But for a Professor to clamp me up without a proper argument! AIYAAA!

    Halimah Mohd Said: you too Yati!

    Norhayati Kaprawiwell… WELCOME to Malaysia!

    Charlie Chan: this professor of islam shows he has incorrect understanding & deserves a few revelations to come his way …keep us updated sister limah

  2. November 18, 2009 at 5:28 am

    Here’s more:

    Ruby Ahmad: Knowing K Limah, she’ll sting even harder now.

    Ainuddin Noordin: How sad that 1) your balanced and moderate post could be viewed as an attack, and 2) there be an inference that any individual could be closer to the Almighty than another..

  3. November 18, 2009 at 5:43 am

    My reply:

    Ya Charlie, Ruby and Kola – we must add “enlightened” to “educated, exposed and experienced”.

    Only then can we hope to have the wisdom to see beyond the narrow confines of our own specialisations or expertise!

  4. November 19, 2009 at 9:11 am

    dont worry kak limah allah itu maha pengasih maha penyayang the people in kelantan has been deceive all this while pity them katak di bawah tempurong haha hehe

  5. 5 a linggian and a georgian
    November 20, 2009 at 1:15 am

    I would like to laud you for writing the piece on the TGNA. It simply fails to amaze me that people are sometimes so blinded by “form” that they neglect to see the real issue. To some the TGNA has attained an exalted position and that he could no wrong.

    To me, what was sad was the fact the TGNA seems to be of the opinion that he had done no wrong in accepting the gift. Is he so poorly paid that he can’t use his own money? I am sure he has been to the Haj before and the Quran says you only need to go to the pilgrimage only once in your lifetime, and that only when you fulfil certain conditions.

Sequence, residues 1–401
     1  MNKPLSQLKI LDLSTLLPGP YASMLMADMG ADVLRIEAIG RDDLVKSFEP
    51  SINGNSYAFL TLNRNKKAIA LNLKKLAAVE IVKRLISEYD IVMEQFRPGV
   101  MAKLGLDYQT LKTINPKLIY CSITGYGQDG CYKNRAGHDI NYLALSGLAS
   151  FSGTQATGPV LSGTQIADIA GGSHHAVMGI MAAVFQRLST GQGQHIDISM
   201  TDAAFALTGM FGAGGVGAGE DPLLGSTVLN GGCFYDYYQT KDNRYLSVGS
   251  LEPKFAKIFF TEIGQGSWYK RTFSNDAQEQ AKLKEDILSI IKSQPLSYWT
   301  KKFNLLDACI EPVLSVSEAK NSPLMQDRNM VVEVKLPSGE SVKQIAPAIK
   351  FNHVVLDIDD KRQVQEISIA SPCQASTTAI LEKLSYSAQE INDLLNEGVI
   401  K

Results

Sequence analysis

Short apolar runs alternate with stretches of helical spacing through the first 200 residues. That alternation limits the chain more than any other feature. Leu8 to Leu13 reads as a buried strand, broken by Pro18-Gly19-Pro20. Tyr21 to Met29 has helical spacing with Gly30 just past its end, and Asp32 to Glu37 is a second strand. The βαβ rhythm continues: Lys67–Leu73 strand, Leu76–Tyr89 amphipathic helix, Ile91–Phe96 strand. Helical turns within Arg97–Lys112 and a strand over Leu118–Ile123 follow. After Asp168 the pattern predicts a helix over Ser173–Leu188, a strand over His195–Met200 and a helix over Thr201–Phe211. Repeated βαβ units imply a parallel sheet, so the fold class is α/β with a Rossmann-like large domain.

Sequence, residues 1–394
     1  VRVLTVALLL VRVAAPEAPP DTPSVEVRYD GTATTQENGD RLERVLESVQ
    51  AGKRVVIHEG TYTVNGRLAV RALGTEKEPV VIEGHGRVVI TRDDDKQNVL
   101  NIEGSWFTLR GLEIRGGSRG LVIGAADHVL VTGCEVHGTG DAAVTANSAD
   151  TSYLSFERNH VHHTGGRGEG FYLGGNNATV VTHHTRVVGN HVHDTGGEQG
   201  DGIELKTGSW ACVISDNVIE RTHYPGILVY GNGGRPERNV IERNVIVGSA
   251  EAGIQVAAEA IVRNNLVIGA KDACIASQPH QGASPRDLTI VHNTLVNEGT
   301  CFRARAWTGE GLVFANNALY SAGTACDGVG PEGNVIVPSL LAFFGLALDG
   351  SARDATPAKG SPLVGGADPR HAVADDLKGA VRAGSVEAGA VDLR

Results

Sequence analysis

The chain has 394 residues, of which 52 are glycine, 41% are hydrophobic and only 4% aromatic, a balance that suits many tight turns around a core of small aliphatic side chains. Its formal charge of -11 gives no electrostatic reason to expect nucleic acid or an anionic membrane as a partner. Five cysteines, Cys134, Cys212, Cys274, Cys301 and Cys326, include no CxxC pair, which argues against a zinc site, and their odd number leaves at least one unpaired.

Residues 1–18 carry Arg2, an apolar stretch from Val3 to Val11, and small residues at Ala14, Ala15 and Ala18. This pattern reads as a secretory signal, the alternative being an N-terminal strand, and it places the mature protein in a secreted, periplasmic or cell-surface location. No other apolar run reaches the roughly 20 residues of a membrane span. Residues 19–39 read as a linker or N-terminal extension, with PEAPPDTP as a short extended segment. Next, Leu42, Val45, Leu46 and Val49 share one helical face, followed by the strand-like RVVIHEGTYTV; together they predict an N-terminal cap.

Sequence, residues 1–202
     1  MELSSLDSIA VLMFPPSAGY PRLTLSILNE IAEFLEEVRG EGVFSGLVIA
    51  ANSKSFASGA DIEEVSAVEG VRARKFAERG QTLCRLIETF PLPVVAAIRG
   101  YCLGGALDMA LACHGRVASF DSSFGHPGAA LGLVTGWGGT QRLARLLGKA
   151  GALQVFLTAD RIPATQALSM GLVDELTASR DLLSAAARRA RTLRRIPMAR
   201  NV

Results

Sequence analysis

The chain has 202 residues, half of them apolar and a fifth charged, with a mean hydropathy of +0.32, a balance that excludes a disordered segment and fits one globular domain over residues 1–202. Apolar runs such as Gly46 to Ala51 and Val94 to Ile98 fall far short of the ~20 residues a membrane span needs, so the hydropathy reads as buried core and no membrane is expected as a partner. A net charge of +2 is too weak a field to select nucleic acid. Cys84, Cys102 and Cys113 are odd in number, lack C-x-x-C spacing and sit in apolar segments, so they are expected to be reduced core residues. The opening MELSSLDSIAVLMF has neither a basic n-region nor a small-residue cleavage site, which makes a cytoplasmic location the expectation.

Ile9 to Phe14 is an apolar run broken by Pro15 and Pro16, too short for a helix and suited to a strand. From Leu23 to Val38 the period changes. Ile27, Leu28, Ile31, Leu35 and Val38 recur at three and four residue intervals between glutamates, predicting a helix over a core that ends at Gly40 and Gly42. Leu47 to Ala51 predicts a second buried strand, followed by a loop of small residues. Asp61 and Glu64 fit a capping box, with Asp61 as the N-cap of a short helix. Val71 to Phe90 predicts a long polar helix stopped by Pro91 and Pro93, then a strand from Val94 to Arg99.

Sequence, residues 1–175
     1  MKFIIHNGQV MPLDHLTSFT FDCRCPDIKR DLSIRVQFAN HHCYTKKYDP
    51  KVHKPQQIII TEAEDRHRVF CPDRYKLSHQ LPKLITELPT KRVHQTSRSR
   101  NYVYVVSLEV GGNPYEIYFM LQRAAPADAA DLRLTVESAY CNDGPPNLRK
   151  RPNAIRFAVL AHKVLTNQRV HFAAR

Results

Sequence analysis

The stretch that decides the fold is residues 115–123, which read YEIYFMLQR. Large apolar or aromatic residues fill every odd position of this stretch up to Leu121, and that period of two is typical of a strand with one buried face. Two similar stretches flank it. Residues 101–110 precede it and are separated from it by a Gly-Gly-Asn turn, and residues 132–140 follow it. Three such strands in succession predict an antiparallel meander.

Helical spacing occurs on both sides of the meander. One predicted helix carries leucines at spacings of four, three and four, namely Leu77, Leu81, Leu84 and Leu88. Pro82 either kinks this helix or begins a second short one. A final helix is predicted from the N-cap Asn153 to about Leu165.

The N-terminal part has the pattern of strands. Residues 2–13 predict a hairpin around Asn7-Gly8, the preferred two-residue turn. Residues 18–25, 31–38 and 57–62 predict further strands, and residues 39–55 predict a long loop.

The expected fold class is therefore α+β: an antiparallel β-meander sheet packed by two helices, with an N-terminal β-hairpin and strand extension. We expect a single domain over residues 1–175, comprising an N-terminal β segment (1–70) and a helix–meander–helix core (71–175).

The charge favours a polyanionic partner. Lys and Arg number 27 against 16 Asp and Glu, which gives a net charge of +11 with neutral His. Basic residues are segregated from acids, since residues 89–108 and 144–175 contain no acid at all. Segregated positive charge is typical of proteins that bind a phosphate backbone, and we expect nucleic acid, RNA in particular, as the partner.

The other issue was the appointment of his S-I-L as the CEO of a Kelantan state company. Whether the guy is qualified for the job or not is moot. It is the perception that matters and the perception is one of nepotism and favouritism. The TGNA should be mindful of the fact that appointing close relatives to important positions in the state, no matter how qualified they are, risk attracting criticism of nepotism. Not appointing close relatives is a a sacrifice he has to make for being a public political figure. Again, in this case I have no doubt that the redoubtable TGNA and supporters will quote a surah or hadith or sunnah (usually out of context) to justify their action in appointing the S-I-L.

    Lastly, I pray to ALLAH that I can go to the Haj with my hard-earned money and NOT on sedekah, and I pray that I will not employ my S-I-L for my organisation


    p/s Remember the case of the guy who took bribes to go to Umrah.

  6. 6 ninitalk
    November 21, 2009 at 8:15 am

    Hi wawa and l&g – thanks for your comments!

    How right you are about people who cannot see beyond their narrow tempurung or ketayap!
    But I sometimes try to put myself in their shoes in order to see how they think and how they can be influenced so easily!

    The Quran and Hadith are not easy reading even for those of us who have reached a considerable level of linguistic and intellectual development! The religious concepts are tough and the language of the Holy Books hardly simple.

    So how does the ordinary people who are not so well educated understand them? Through their religious teachers – the ustaz, ustazah, imam, kathi etc and through the ulama. Most of the time the forms are forefronted because they are easier to follow. Counting the dosa and pahala, the kulhuallah and alhamdulillah, the different types of sembahyang (wajib, sunat, duha, taubat etc) makes for a simple arithmetics of religion that even young children can understand, add and subtract!

    So much so even the haj and umrah are being computed and tallied for pahala – the more the better!Its essence and meaning is lost in the fervour of form!

    How can one teach the religion more effectively? How can one explain and understand its teachings more clearly? This is one huge question all Muslims have the duty to answer and to undertake, not just the religious teachers and leaders!